Johannesburg’s trees, a vast urban forest, map the segregated history of the city. Yet they are also essential to the wellbeing of the city and should be an area of investment.
In the late 1800s, the settlement that was to become SA’s largest city had almost no natural shelter from sun and dust. Once gold mining was well under way, the city grew rapidly, and with that came trees.
Street trees were planted from 1904 as white residents established suburbs, and today those giants still line roads. But areas for black residents built in the following decades were not regarded as permanent, and there was scant investment in green infrastructure.
The consequence of that is still evident today. Although some fruit trees were planted on small residential stands in Soweto, and despite the City of Johannesburg’s Soweto Greening project started in 2006, a satellite image still shows the stark difference between the leafy suburbs and, for example, Alexandra and Soweto.
Green infrastructure is an investment in a city. “Rethinking the Future of Cities, How trees are revolutionising cities around the word”, published by the Food and Agriculture Organisation (FAO), says trees can reduce temperatures by up to 8°C and cut the need for air conditioning by 30%. And reduce heating bills by up to 50%.
Other FAO reports say a mature tree can absorb 150kg of carbon dioxide a year and filter fine dust and smoke particles from the air by trapping them on leaves. And, of course, trees release oxygen.
Trees can be a food source. In Abu Dhabi, millions of palm trees were grown to line avenues for pedestrians to pick dates. And in Dhaka, in Bangladesh, trees help to slow run-off and so boost groundwater levels.
Trees attract wildlife, such as owls, which prey on rats, a health risk in all cities. They reduce noise, and fallen leaves replenish soil and preserve moisture.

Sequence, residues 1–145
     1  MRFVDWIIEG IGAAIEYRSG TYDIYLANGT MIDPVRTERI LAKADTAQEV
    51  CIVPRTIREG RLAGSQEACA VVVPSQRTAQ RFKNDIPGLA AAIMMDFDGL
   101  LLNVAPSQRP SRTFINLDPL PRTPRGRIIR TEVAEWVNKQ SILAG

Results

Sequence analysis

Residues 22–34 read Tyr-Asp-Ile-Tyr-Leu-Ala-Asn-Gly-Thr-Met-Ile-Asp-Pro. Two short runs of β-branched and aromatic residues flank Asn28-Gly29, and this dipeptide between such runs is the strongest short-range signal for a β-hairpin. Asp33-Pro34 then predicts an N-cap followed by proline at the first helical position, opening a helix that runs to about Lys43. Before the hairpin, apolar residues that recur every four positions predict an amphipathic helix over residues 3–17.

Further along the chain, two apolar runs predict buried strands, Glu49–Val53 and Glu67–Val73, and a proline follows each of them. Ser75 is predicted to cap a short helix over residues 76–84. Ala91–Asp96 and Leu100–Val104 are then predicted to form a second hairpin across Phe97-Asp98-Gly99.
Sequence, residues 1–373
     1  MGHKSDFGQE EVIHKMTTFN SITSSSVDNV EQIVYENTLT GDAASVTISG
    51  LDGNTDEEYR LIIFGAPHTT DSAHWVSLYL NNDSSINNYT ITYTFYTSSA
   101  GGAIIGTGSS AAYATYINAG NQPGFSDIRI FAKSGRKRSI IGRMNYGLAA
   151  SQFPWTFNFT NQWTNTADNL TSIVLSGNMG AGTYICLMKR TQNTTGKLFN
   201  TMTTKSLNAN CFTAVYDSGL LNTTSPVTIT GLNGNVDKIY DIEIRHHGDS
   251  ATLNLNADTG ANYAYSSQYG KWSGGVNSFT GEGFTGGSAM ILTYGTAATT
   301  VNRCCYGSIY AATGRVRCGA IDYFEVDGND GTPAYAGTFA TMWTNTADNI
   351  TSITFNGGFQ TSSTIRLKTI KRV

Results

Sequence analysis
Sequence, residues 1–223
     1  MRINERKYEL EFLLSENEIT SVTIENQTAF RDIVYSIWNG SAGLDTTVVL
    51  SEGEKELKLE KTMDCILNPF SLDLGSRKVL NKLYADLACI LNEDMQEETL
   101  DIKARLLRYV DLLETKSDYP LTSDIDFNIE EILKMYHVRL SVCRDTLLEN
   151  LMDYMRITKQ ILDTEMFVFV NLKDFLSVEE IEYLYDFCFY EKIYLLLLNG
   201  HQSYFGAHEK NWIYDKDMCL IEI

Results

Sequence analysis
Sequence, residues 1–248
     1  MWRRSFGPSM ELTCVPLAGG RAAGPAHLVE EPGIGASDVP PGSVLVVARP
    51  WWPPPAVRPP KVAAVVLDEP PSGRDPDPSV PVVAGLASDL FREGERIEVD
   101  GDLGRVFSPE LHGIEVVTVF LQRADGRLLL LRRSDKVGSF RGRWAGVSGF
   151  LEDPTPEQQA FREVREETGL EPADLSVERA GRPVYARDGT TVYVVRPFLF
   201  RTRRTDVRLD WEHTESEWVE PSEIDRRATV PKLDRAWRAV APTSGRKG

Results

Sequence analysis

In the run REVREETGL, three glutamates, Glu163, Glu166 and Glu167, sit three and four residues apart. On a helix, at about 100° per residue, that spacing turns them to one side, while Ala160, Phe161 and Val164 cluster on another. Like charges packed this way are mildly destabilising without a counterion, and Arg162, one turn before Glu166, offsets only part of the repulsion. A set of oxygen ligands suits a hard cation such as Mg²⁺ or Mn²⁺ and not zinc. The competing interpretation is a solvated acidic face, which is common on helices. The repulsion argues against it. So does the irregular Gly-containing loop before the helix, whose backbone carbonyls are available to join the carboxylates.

Roots can damage city infrastructure and some consume a lot of water. But the benefits of trees outweigh the negatives, meaning existing trees need to be protected as Johannesburg embarks on a much-needed densification drive.
And areas that are not well wooded need investment — not only for the economic gains but for the mental health benefits greenery offers.
The Johannesburg Urban Forest Alliance, the Johannesburg Heritage Foundation and others are working to protect street trees as large apartment and office blocks sprout and, with that, the widening of roads.
According to Treepedia, Johannesburg ranks sixth in the world in terms of tree coverage. Others say it has 10-million trees.
Trees are Johannesburg’s natural wonder, offering displays of bright green spring growth, purple in October, a dense canopy in midsummer and the reds and oranges of autumn.
And there is nothing quite like the sight of a giant tree’s bare branches stretching up into the city’s big blue winter sky.
Treeless areas need to go green for economic and mental health benefits.
The Montague Gardens – Marconi Beam Improvement District (MMID) shares the view that trees are “essential to the wellbeing of the city and should be an area of investment.”
The MMID will start planting trees in the industrial and commercial areas that make up Montague Gardens and Marconi Beam in 2019. It will form part of the urban management and environment programme.
Property owners and businesses in the area will also be encouraged to plant trees.